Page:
I feel like a “Maine is awesome and relaxing and beautiful and look there are wild blueberries!” post is acceptable, possibly even required, at least once a year. Especially since this is probably the last summer for a while that I’ll have as much free time as I’ve had to just hang out there. (Although, to counteract that negative point, there’s the fact that it’s also the first time that I’ll ever be able to go up for long weekends in the fall and spring.) Plus, not coming up with blueberry recipes when you have free access to a full-sized ex-commercial blueberry field seems a little bit like a crime. So, here goes:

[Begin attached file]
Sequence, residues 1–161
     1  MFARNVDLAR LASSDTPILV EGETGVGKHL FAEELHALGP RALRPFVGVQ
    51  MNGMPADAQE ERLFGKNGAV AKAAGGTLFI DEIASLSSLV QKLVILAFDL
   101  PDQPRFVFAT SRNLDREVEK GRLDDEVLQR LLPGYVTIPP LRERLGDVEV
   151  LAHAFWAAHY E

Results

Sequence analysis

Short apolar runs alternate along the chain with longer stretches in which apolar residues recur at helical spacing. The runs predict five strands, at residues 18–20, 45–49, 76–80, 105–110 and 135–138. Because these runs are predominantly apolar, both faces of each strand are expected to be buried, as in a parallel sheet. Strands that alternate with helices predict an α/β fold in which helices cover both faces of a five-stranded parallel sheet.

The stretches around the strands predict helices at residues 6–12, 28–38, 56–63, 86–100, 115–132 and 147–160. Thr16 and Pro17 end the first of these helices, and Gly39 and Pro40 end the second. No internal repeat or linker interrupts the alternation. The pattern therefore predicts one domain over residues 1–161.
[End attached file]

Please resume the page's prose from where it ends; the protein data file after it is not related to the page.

Maine is awesome! It has nature! And mountains! And lakes! And blueberries! Yay yay yay yay yay! But seriously, even the rainiest, darkest, most boring day in Maine is significantly better than the same day would be anywhere else. Commitments feel less pressing, time slows down, and days run easily together into a long summery memory. On sunny days, we wake up early and refreshed and drink our tea on the back porch, watching the lake come to life and letting the sun slowly warm us out of sleep. We float in the just-warm-enough lake, or read on the dock, stopping occasionally to watch the loons shake out their wings, or traipse through the blueberry barrens popping sun-sweetened berries into our mouths with every step, or zip across the harbor for an island picnic. On rainy days, we all sit around the woodstove and read, or play cards, drinking hot chocolate and munching on cookies. Every night, rain or shine, we sit down around the long wooden table for a hot meal together. So yes, I’m condensing the experience into the best parts – we still have to do things like get groceries and clean the house and we still irritate each other as families are wont to do – but the average Maine day is better just because of the opportunity to do more than we might otherwise. To step outside and find something new. To gather the family for a quick boat trip. Being in Maine is more spontaneous than being elsewhere, and much of it still feels wild and untouched, and I love it.